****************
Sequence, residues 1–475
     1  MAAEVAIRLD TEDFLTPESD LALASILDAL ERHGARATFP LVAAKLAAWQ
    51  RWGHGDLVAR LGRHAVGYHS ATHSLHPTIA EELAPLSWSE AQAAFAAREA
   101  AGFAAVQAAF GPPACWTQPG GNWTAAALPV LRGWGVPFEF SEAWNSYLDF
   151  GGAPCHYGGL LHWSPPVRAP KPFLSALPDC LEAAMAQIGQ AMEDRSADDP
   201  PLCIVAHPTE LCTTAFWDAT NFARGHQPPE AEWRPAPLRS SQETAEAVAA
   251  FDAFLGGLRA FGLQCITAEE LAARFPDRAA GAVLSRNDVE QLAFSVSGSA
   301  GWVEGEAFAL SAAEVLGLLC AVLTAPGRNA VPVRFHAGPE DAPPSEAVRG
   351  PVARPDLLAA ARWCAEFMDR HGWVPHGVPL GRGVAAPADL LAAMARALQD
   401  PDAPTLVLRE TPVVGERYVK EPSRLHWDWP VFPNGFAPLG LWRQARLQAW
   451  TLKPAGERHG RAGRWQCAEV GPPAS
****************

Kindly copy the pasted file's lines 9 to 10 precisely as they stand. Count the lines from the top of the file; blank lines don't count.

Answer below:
   351  PVARPDLLAA ARWCAEFMDR HGWVPHGVPL GRGVAAPADL LAAMARALQD
   401  PDAPTLVLRE TPVVGERYVK EPSRLHWDWP VFPNGFAPLG LWRQARLQAW